Letter to the Editor: Open Letter to Munson
by David Smith and Jacob Claudio | published Feb. 8th, 2019
Just three months ago a student took their own life on campus grounds. When a member of the RIT family passes, we look to the office of RIT’s president for leadership, guidance, and a sense of community. In an address to the RIT community that week in October, you offered some words of kindness and support. But then you said, “Our current ratio of counselors to students is above average when compared to peer universities,” and “RIT is guided by a set of priorities. I am proud to say that our top priority is you, our students.”
This is shameful. The moment our community needed to hear how we will come together and be better, we hear more boasting of RIT’s greatness and an immediate comparisons to what could be seen as your competitors. This is one of many errors made by you and your office in response to crisis this year. When we need to hear and validate our loss as a community, we hear of the grand “spectacle” of RIT. That despite a preventable tragedy RIT is, as always “an incubator for the exceptional,” and “onto something amazing.”
As a courtesy to others and a defense to ourselves, we often avoid talking about death, suicide, and mental illness. It is respectful to stay quiet on these issues when offering condolences to the living victims of such a tragedy, but suicide impacts more than just one family. There comes a time when we must confront a harsh reality; when mental health is left uncared for it can be fatal. In that same message to the community you outlined a plan to address the sorely lacking counseling facilities. But it must be asked why wasn’t this already addressed? If, as you say “I meet with students nearly every day,” then surely improving the mental health facilities must have been some priority. Over the past 4 years there have been 6 PawPrints petitions to address this crisis. I have heard dozens of students and professors alike speak out to the poor conditions of the psychological services on campus. And, if it’s true that you had personally advocated for better mental health facilities at the University of Michigan you must have been aware more had to be done.
The student body knew more had to be done, because we are the ones who experience the reality of the services your administration prides itself in. In October 2018, when students heard the news, it came to as a shock to many but a surprise to few. The student body is too familiar with the state of the Center for Counseling and Psychological Services, and those who feel they need to utilize those facilities are often greeted with waiting periods that can extend weeks, even months. While RIT is in no way directly responsible for the actions this student took, it is responsible for the environment which makes reaching out so difficult. It is mine and many of my colleagues’ firm belief that had your office’s priorities been in order and listened to the issues we had raised time and time again, this student may have been able to reach out and have a second chance.
We question the motives and goals of your administration. Where was all this concern for mental health before a student took his own life? You were right when you had said in a community this large often the decisions at the administrative level feel impersonal, but now the student body is more than just discontent at this disrespectful apathy of your administration. From serious issues such as support for health and psychological facilities, to daily grievances such as housing and parking, our concerns are continually elevated and ignored. If RIT is built for the students first, then the attitudes of your administration must reflect this.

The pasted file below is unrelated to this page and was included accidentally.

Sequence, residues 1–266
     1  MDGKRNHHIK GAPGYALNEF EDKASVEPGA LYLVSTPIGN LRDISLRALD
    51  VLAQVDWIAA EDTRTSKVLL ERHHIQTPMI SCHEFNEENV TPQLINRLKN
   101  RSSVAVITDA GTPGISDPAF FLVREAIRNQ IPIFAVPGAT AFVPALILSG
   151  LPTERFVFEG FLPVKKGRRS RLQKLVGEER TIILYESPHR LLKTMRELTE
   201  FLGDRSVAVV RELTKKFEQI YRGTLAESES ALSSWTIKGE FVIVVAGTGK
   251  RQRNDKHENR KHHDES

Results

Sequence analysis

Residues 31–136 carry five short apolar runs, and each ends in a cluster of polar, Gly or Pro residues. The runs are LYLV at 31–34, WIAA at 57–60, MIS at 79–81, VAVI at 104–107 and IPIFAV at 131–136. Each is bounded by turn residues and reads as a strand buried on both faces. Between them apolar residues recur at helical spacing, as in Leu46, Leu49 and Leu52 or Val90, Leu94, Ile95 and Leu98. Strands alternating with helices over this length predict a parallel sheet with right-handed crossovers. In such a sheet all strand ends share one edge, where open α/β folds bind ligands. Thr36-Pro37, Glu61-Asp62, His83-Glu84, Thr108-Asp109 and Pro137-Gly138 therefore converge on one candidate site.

What we need, is transparency and accountability in your agenda. We need clear goals and a detailed direction for the future of this university that is grounded with the students. The student body does not ask for a billion dollars, rebranding efforts, or new buildings. We want to be safe and have decent living conditions so we can get the education we are paying for. We need voices that aren’t restricted to the bureaucracy that’s failing the students. If your administration wishes to reassure the students that its goals are aligned with the students, here are some items to begin with:
- An apology from your office and the office of communications for the unprofessional and insensitive messages during this crisis, and action to ensure proper crisis management. This incident is far from an isolated example of RIT’s poor public relations.
- Quarterly agenda reports consisting of specific, detailed goals for your administration. These items must include a timetable, and a mission statement including how each item is to benefit the students. This agenda should include current and planned projects with updates, and at least one project should be directly aligned with student interests and values.
- Student Government must have more power to directly and efficiently enact and enforce its decisions made on behalf of the student body. Student Government must be better equipped to acknowledge and handle student issues which remain unaddressed by RIT’s restricting bureaucracy.
To retain our confidence in your administration, these items should be underway before April 2019. I recommend the student body take actions to affirm this administration’s focus. From demonstrations on campus during open-to-the-public events, to various social media campaigns, we can contrast RIT’s public image of being student-oriented to the inaction of this administration on the issues we care about. RIT should show its greatness in the way it cares and listens to its community.
Doctor Munson, will you actually focus on the needs and concerns of your students?
RIT’s “First Priority”
Written by David Smith and Jacob Claudio.